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Ralph Nader > In the Public Interest > Abuses Aired; Solutions Ignored

Early in our country’s history, fire was a major threat to whole towns and cities. So citizens got together and formed effective volunteer fire departments.

Other citizens worked to establish public libraries because they be­lieved books and publications should be accessible to all. Like educational Johnny Appleseeds, farsighted pio­neers gathered funds to establish colleges throughout the land.

In the 19th century, neighbors peti­tioned the post office to expand its services, and it did. Farmers, ex­ploited by railroads and financiers, organized their own civic action groups.

We need to recall these and many additional examples from the past to understand better the need for new civic institutions to respond to the aggregations of power and abuse which have evolved in the last generations.

Ours is a society beset with prob­lems, but its leaders and power hold­ers seem indifferent to solutions. What is worse is they expend much effort keeping people from com­municating and working together to find these solutions at the community or neighborhood levels.

The media doesn’t help much. There is nothing more calculated to bore the media than answers to widely reported abuses. Thus, there is proper emphasis on recent govern­ment and corporate crimes, from Watergate to the current revelations of big-business bribes and payoffs.

But the media are singularly uninterested in reporting about proposals to correct these abuses or actual models of countervailing jus­tice that are in operation in one place or another. Questions at presidential and other press conferences reflect this indifference consistently. Cam­paigning politicians behave accord­ingly.

Often there is a need to look sys­tematically for these proposals or models that work around the land, as Peter Jennings of ABC recently urged. But frequently, no such fer­reting is required.

Take the pending legislation to establish a national consumer coop­erative finance bank which would help consumer cooperatives help themselves through the extension of credit and technical assistance. An impressive coalition of consumer, farm and labor groups are backing this idea.

I believe it to be a major innova­tion in strengthening consumer-owned private enterprise in the areas of food stores, housing, health, serv­ice repair and other retail outlets.

This is not only necessary to provide consumer bargaining power against monopolistic practices but also to reconstruct large areas of the cities abandoned by business, partic­ularly by the banks and insurance companies.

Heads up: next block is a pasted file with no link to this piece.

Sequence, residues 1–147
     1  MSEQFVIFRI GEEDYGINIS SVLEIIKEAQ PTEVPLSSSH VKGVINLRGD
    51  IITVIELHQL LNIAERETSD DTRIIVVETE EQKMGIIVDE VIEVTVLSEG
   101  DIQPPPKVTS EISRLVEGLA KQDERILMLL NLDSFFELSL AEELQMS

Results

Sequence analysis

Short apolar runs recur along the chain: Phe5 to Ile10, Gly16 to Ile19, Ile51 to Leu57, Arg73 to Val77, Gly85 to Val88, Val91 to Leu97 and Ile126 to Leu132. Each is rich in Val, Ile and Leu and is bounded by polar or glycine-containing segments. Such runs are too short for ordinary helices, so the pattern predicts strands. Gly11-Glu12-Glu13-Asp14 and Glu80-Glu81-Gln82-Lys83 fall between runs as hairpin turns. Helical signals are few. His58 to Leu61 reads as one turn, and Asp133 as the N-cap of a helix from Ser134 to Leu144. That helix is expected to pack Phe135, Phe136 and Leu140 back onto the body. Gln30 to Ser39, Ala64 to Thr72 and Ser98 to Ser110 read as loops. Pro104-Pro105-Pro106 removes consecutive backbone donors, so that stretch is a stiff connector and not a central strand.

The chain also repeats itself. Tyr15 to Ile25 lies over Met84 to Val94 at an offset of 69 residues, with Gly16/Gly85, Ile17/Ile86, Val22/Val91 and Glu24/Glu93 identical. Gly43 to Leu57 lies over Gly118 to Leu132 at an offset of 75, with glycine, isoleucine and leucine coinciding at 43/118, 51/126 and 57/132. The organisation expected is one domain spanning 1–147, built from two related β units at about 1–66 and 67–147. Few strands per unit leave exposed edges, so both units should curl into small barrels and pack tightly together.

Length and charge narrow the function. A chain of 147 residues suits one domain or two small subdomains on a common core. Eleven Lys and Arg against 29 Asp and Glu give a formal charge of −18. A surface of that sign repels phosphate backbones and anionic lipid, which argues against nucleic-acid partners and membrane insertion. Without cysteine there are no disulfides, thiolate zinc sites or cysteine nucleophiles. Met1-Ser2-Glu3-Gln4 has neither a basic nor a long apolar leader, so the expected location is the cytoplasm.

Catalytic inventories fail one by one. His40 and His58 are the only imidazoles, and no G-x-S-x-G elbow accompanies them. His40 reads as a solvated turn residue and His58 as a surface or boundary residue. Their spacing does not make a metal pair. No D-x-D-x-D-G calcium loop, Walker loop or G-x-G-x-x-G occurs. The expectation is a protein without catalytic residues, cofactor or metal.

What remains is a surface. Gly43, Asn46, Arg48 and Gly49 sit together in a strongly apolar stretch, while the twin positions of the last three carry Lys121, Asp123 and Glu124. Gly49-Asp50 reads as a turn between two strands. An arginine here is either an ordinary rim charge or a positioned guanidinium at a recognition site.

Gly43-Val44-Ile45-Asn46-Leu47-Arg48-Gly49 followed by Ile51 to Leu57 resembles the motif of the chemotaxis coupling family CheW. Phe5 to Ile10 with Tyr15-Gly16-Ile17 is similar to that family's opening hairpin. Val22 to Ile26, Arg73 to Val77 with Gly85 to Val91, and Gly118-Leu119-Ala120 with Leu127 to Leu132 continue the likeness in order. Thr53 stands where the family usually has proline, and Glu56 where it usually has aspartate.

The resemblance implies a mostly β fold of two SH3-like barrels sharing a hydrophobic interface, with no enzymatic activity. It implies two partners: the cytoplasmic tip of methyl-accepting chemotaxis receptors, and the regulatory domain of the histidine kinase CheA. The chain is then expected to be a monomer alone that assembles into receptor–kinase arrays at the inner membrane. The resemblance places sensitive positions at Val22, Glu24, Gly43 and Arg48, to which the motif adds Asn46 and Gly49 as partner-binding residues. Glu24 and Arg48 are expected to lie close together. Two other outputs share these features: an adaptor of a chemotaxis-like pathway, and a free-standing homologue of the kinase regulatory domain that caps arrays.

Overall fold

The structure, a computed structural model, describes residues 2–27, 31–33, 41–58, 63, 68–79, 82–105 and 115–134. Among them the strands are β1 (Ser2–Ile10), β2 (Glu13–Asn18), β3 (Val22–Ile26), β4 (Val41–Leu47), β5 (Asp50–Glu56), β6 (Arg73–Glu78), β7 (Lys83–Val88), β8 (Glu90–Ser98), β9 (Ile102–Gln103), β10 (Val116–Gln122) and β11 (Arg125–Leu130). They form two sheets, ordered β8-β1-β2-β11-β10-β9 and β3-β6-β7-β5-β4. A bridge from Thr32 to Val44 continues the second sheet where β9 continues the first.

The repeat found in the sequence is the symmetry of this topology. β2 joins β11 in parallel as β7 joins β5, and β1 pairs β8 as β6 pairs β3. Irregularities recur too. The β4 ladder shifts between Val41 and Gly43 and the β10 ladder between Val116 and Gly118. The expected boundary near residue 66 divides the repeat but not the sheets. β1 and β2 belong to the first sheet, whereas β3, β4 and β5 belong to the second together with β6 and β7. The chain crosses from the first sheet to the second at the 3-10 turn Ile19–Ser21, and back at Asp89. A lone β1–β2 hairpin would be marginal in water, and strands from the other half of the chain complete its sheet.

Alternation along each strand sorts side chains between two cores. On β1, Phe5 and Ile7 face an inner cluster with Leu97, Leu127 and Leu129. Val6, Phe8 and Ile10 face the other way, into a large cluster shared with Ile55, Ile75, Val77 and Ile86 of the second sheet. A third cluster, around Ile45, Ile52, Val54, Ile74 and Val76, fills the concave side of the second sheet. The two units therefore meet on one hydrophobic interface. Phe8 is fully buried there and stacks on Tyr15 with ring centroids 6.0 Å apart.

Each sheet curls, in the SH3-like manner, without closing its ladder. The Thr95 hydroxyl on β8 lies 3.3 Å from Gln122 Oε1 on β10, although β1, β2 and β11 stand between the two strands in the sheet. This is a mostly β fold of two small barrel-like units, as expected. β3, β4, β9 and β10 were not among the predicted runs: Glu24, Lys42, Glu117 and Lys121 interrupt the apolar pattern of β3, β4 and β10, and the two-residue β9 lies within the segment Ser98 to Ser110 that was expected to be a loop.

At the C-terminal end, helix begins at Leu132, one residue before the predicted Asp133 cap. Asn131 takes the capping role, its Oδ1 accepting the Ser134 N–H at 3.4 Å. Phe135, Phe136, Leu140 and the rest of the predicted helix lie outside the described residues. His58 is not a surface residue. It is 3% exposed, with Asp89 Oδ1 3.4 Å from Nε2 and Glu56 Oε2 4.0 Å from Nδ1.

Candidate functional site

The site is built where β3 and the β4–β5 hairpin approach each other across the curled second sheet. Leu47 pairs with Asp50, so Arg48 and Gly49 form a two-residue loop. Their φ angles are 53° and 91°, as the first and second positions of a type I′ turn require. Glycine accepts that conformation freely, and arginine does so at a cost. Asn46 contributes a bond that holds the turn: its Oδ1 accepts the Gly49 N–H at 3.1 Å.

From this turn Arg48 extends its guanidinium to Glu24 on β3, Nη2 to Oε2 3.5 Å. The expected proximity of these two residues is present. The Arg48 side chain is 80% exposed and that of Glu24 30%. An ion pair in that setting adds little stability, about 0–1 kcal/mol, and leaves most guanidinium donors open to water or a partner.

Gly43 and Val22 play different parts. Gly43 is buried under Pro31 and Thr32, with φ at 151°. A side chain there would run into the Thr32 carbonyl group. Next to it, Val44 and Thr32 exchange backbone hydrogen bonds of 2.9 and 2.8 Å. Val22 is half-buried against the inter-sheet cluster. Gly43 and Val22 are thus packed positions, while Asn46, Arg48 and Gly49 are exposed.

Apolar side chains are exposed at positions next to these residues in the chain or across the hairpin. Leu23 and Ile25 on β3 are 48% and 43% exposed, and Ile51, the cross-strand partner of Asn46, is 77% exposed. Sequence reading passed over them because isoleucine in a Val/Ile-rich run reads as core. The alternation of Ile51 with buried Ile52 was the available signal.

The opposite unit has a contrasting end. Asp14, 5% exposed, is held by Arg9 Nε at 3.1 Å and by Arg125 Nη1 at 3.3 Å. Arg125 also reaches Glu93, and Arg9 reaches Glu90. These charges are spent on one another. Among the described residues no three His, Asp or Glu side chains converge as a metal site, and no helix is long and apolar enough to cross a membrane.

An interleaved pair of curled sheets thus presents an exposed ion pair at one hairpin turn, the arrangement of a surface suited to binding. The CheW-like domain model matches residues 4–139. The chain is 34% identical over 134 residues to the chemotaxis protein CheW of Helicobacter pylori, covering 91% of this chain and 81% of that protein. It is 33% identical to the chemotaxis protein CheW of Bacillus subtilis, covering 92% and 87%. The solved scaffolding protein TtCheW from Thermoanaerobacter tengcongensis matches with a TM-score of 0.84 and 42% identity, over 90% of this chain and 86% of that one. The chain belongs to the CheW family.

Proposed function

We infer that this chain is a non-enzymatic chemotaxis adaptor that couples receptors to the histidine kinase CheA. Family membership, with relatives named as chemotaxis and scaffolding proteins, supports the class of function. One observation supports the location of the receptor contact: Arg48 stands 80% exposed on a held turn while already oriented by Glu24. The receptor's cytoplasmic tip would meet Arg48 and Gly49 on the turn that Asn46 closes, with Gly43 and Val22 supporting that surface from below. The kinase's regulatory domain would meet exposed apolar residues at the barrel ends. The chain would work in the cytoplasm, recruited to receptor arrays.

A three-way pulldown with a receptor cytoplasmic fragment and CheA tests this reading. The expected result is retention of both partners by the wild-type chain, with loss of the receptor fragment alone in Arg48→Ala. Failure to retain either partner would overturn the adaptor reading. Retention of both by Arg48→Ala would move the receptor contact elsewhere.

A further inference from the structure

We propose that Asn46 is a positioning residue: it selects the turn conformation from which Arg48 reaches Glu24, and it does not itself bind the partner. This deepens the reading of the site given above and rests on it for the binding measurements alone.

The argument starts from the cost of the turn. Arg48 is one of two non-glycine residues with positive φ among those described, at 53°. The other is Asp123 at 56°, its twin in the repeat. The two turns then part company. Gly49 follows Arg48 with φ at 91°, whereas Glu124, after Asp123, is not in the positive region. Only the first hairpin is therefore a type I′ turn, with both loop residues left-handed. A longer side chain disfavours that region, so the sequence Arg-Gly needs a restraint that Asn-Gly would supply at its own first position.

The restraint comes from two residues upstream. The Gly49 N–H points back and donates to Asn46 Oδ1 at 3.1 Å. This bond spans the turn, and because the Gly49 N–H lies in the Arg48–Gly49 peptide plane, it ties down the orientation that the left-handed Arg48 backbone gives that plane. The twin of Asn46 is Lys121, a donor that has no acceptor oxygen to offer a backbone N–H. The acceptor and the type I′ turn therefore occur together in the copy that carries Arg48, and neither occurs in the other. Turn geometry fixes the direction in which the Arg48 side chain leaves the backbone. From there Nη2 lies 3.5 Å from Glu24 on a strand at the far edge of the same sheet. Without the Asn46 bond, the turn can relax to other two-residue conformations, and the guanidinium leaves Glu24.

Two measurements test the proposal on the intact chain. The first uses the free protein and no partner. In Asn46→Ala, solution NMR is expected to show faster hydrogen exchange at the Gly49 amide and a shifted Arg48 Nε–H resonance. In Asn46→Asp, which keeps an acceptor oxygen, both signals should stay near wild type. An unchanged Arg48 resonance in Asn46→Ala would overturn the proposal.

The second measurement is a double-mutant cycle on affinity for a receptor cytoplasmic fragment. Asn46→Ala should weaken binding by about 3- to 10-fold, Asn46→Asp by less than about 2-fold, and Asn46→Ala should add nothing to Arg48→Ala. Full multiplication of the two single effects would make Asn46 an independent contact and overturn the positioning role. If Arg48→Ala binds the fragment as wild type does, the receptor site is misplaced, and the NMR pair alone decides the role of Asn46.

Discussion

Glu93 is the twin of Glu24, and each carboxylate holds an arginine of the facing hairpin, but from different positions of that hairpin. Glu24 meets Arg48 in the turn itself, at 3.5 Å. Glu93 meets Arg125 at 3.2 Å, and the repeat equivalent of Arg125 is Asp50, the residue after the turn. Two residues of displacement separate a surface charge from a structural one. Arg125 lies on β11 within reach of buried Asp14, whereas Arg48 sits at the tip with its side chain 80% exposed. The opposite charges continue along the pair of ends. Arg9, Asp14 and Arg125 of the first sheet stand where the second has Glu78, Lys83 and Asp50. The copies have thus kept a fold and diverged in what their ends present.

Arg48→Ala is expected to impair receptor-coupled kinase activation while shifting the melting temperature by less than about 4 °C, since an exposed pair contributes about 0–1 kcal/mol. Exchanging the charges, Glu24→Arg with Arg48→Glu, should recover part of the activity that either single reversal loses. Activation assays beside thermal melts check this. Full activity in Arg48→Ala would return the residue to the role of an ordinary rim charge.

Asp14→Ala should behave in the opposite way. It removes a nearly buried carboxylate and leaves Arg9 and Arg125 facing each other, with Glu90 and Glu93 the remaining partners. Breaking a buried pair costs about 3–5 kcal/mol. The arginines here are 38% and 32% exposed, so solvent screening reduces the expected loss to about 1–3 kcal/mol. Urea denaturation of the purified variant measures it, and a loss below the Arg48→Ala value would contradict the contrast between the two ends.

Hearings earlier this month were held by the Senate Subcommittee on Financial Institutions, chaired by the bill’s sponsor, Sen. Thomas McIntyre, D-N.Y.

With few exceptions, the media, on the Eastern Seaboard at least, ignored the hearings. Yet the testi­mony provided exciting material about specific food, auto repair, opti­cal service, housing and other coop­eratives that are meeting abuses common throughout the land.

These abuses, such as auto re­pair gouges or overpriced eye­glasses, have been widely reported during the last five years. Along come thriving examples of reform, and they are ignored.

One of our recent books, “Proudly We Hail” by Kenneth Lasson (Viking Press, New York), brought together in short, human interest descriptions the civic accomplishments by vari­ous citizens and groups. These people are doing things for health, safety, justice and democracy that many other Americans could also do to im­prove their community.

It helps, however, for people to learn about these successful models. Can they, when so much of the media is overwhelmingly absorbed by such distractions as the Hearst trial, prominent divorces or the latest burps of the mimeograph politi­cians?

On April 8, the Center for Science in the Public Interest (1757 S St. NW, Washington, D.C. 20009) will launch its second annual Food Day.

All kinds of learning and action projects, dealing with nutrition, diet, vending machines, hunger and high food prices, are being distributed around the country.

Yet the nonprofit center almost has to rely on the mails and word of mouth to reach people with its materials and examples of individu­als (the Terrific Ten, they are called) who have shown what can be done for better food policies.